This little kiddy went to market

This little kiddy went to market

by Sharon Beder
Visiting professor,
School of Social Sciences, Media and Communication, University of Wollongong.

In 2007 Joel Klein, chancellor of New York City schools outlined to an overflow meeting of parents his plans to restructure New York schools in the form of businesses. Nation magazine reported: "In the calculus of the moment, each of the city’s 1,450 schools is considered an independent franchise. Like a bank outlet or a RadioShack store, any given school is a “key unit” in Klein’s new Department of Education. Schools are headed by branch managers, or principals, whose jobs have been reconfigured as CEOs rather than as educators. Principals are expected to contract out for nearly every core service, from testing to professional development to their own support team. Quarterly returns flow out in the form of tests four times a year. Schools must compete with one another, at their peril. The lowest performers on the bell curve may be sanctioned or shut down." [1]

Such a bizarre vision for schools might seem to be an outcome of the idiosyncratic thinking of a former businessman turned school chancellor. However the fact that the very same ‘reforms’ have been sweeping the English speaking world for the past three decades points to a broader agenda; one that goes beyond individuals, beyond regional education bureaucracies, and beyond national governments. It is an agenda pushed by transnational corporations around the world and one that Australian governments have embraced. Most recently the federal education minister, Julia Gillard, has been championing Klein’s methods for emulation by Australian schools.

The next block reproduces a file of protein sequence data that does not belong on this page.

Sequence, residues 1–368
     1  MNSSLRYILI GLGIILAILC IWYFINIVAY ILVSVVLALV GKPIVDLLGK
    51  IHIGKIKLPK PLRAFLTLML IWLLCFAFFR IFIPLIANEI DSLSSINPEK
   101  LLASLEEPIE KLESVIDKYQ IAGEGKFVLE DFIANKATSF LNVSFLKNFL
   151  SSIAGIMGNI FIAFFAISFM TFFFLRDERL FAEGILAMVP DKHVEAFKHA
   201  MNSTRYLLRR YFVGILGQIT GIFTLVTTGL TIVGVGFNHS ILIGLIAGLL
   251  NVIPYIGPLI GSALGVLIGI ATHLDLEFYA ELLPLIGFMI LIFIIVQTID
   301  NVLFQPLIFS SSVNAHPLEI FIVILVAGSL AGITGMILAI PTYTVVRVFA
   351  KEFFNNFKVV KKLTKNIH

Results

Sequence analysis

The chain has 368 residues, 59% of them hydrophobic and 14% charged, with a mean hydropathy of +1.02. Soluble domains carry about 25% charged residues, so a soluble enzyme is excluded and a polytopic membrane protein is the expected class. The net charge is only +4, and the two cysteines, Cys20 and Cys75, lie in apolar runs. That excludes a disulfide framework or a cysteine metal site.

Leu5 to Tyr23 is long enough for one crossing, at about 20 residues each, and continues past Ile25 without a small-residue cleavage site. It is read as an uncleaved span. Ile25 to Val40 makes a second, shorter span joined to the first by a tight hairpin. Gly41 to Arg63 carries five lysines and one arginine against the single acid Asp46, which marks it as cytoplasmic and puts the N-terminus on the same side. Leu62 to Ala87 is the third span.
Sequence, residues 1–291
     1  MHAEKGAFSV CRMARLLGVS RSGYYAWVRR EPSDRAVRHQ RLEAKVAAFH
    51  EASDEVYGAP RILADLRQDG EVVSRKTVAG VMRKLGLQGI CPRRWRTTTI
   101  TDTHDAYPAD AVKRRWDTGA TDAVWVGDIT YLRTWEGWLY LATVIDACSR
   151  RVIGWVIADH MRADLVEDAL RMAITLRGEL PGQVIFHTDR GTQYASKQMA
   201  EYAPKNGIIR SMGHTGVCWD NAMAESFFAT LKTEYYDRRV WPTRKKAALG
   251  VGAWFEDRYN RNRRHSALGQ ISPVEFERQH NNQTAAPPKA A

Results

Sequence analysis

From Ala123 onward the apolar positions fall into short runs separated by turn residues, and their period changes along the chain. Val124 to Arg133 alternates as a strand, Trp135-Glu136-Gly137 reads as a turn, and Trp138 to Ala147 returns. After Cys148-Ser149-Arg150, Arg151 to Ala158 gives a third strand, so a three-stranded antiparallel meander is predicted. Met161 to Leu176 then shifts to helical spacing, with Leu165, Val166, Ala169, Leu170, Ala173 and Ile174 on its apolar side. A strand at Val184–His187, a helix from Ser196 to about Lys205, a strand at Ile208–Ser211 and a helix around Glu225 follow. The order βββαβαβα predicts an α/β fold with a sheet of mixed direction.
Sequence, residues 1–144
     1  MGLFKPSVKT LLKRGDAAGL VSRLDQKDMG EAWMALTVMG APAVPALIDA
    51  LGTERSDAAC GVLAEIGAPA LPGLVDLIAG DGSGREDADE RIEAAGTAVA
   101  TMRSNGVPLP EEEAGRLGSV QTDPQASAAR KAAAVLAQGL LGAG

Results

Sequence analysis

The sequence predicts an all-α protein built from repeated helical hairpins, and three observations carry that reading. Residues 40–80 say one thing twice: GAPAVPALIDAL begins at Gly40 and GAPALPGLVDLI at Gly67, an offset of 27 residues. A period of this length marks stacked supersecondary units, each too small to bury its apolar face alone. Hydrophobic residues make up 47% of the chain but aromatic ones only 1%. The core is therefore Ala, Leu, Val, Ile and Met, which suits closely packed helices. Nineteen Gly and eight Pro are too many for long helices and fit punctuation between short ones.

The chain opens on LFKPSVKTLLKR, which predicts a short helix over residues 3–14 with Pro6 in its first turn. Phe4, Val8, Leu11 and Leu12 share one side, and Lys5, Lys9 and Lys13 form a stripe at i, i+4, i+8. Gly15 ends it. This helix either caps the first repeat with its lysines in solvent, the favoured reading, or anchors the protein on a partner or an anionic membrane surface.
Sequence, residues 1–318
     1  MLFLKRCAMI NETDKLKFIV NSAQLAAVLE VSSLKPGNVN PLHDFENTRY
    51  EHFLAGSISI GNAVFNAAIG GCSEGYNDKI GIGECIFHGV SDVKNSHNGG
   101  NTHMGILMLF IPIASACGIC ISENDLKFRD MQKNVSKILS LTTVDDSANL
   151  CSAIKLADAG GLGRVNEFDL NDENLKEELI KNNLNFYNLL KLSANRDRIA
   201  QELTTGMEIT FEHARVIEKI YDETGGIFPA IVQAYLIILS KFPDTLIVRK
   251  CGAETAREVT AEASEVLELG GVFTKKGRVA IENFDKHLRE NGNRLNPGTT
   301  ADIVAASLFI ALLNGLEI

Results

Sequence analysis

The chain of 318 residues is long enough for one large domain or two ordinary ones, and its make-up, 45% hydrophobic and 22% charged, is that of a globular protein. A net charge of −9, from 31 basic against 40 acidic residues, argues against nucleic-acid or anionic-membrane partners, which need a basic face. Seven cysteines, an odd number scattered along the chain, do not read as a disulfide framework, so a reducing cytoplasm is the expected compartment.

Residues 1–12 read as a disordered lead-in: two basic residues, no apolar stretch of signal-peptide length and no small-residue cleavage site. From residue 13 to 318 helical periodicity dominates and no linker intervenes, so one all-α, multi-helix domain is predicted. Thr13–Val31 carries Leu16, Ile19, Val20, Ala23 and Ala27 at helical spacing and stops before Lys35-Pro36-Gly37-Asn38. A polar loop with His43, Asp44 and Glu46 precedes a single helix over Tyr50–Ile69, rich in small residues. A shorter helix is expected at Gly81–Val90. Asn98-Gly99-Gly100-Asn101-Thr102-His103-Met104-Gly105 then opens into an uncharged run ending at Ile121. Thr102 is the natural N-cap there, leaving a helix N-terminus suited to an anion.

These business-driven school ‘reforms’ have been helped along by a series of media-manufactured education ‘crises’ in North America, the UK and Australasia beginning in the 1980s and continuing to this day. Declining international competitiveness and increasing unemployment have been blamed on schools, in particular the failure of public schools to produce literate and numerate employees for the workforce.

Educational funding shifted from being an investment in the nation’s future to an expense that needed to be justified, rationalised and reduced.

In Australia, payments from the federal government to the states fell and state tax revenues declined in the early 1990s. As a result state governments cut educational expenditure, hundreds of public schools were closed and “over 8000 teaching position were designated in excess of need”.[2] Public spending on school education declined from 5.9 per cent of GDP in the mid 1970s to 2.7 per cent of GDP at the turn of the century, despite the desire of a vast majority of voters that more be spent on schools.[3] As a result class sizes increased, school facilities deteriorated, teachers and students were demoralised.